Feb 062011
Authors: McClatchy-Tribune

ARLINGTON, Texas—Someday they’ll be comparing the next Packers quarterback to Aaron Rodgers.

Whoever it is, he’ll have big shoes to fill. Rodgers now can cement his name alongside the game’s other great quarterbacks–especially Brett Favre–after he and the Green Bay Packers put a bow on a stunning postseason with a 31-25 victory over the Steelers in Super Bowl XLV Sunday night at Cowboys Stadium.

The event had been labeled the Disaster Super Bowl for a series of weeklong blunders by host North Texas, Dallas owner Jerry Jones and the NFL.
But Rodgers put out a number of fires–dropped passes, a leaky defense and injuries–and won the game’s most valuable player award. He completed 24 of 39 passes for 304 yards and three touchdowns and did not toss an interception.

His counterpart Ben Roethlisberger, however, threw two interceptions and the two-time Super Bowl champion lost for the first time in the title game.

Green Bay’s improbable run began with two regular-season-ending wins to get it into the postseason. The Packers then won three straight playoff games on the road–against the Eagles, Falcons and Bears–to get here.

With the Super Bowl win, the Packers become the first NFC sixth seed to win a championship. They matched the 2005 Steelers as the only sixth seeds to win a title since the NFL moved to a 12-team playoff format in 1990.

It was their fourth Super Bowl and first since Favre led the Packers claimed a Lombardi Trophy following the 1996 season. Rodgers, who sat behind Favre for three seasons and had to deal with the future Hall of Famer’s will-he-or-won’t-he retire act, is now also a Super Bowl champion.

It did not come easy.

The Steelers refused to die after Green Bay went ahead, 28-17. Pittsburgh trimmed the lead down to three with a touchdown and two-point conversion. The Packers struck back with an efficient 10-play drive that advanced them to the Steelers’ 5 and drained the clock down to 2 minutes, 7 seconds. But they couldn’t put the game away with a touchdown and had to settle for a 23-yard Mason Crosby field goal and a 31-25 advantage.

The fourth quarter opened with all the momentum on the Steelers’ side, but they still trailed, 21-17. They had possession on the Green Bay 33 and were only yards away on second down from picking up another set of downs.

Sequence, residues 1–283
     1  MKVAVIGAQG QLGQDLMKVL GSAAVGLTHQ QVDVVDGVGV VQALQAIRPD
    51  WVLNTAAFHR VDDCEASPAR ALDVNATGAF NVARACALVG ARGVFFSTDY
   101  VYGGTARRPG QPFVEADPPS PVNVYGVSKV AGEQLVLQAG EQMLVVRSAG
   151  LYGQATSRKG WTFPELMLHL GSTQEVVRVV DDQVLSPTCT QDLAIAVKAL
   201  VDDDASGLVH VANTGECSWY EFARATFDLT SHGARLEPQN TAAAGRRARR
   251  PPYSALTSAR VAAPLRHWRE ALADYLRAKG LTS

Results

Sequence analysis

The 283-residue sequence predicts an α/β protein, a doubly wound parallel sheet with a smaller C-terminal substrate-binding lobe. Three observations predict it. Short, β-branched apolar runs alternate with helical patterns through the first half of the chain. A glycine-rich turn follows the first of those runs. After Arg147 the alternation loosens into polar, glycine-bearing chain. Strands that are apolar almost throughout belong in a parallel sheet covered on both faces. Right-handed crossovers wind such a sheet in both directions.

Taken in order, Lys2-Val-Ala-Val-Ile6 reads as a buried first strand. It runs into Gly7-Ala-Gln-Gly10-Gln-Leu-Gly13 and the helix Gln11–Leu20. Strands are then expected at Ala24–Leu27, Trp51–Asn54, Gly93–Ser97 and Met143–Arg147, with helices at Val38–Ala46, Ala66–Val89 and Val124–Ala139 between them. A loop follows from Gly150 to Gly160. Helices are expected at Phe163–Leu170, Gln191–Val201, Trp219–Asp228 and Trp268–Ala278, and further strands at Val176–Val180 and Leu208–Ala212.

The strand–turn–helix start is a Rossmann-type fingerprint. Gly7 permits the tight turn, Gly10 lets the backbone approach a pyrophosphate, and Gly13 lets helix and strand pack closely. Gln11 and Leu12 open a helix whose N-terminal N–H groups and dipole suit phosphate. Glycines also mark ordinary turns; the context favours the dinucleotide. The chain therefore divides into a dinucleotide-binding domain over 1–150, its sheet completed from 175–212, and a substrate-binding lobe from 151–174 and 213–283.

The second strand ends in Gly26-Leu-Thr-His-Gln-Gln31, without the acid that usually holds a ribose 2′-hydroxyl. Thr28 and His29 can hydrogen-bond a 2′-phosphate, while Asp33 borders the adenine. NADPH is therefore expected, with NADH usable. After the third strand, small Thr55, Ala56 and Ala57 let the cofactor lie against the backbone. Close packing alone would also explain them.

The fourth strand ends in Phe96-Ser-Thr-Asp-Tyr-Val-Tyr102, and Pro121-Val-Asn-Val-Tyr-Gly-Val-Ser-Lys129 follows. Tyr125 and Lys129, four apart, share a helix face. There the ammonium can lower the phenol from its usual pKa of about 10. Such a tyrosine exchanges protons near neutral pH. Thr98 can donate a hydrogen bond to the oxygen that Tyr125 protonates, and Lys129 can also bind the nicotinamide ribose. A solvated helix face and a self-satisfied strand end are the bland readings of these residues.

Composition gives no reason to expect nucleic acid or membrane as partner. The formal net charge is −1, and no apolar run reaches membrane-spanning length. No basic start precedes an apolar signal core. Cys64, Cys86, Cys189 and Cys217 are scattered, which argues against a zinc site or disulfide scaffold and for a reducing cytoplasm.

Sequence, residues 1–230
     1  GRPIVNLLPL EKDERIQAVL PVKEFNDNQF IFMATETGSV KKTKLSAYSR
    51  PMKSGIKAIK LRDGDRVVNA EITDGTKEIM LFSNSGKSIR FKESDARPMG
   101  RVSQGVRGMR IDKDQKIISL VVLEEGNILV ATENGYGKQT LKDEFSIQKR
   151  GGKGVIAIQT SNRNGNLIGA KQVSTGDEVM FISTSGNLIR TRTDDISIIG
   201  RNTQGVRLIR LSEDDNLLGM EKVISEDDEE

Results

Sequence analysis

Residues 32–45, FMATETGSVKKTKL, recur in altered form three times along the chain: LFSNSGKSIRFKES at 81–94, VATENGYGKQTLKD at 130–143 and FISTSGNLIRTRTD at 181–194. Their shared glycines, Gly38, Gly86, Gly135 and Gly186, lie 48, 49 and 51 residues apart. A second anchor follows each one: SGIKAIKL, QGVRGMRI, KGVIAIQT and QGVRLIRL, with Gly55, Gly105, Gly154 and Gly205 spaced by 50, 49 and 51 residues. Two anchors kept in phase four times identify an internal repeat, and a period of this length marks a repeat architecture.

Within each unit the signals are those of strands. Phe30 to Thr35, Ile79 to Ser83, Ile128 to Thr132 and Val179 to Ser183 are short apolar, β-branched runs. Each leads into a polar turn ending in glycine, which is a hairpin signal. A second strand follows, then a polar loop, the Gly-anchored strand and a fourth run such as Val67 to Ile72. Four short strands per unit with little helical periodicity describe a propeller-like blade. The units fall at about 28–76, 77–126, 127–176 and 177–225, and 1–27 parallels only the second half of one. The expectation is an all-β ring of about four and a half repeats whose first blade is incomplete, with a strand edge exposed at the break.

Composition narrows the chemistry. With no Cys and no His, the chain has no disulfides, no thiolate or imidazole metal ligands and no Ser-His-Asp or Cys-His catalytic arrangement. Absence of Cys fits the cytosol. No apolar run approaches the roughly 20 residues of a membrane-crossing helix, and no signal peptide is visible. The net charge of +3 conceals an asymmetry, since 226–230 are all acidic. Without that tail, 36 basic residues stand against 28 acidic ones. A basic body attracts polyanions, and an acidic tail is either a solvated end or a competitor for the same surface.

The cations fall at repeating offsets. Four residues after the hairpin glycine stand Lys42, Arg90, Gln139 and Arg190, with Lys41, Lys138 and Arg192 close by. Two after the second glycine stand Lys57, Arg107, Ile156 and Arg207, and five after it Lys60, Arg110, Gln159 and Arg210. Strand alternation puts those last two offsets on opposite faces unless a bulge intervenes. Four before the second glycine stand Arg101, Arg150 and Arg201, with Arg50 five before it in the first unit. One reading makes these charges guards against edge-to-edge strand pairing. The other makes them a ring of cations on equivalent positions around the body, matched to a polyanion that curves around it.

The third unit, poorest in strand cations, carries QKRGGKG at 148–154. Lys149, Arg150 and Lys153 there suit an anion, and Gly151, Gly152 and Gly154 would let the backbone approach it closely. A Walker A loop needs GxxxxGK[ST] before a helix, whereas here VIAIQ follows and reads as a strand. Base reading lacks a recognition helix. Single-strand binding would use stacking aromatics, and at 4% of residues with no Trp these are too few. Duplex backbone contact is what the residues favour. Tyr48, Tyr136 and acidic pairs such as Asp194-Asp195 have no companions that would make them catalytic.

But Rashard Mendenhall, who had been so tough to drag down, fumbled the football when he was sandwiched by Packers linebacker Clay Matthews and lineman Ryan Pickettt. Green Bay linebacker Desmond Bishop pounced on the loose ball and the Steelers had their third turnover of the game.
The Packers had none at that point. It was a devastating blow because Green Bay would turn the giveaway into seven points, as it did on the previous two turnovers.

Despite a dropped pass by Jordy Nelson, Rodgers went back to the receiver on a key third down and the result was a 38-yard completion down to the Pittsburgh 2.

Two plays later, Rodgers and Greg Jennings hooked up for their second touchdown when the receiver tiptoed in the corner of the end zone for an 8-yard score and a 28-17 cushion.

Undaunted, the Steelers rebounded.

As great as both defenses played all season, they were exploitable in the Super Bowl. Roethlisberger and his offense continued to press the Packers in the second half.

The quarterback needed only seven plays and 4:23 to move Pittsburgh 66 yards.

And he narrowed the lead down to five when he hit receiver Mike Wallace for a 25-yard touchdown pass on a fade pattern.

The Steelers then elected to go for two and drew up a nifty play that had Roethlisberger on the option pitch to Antwaan Randle-El for the conversion. The Packers led, 28-25, with 7:34 to go, and it would be closest the Steelers would ever get to them.

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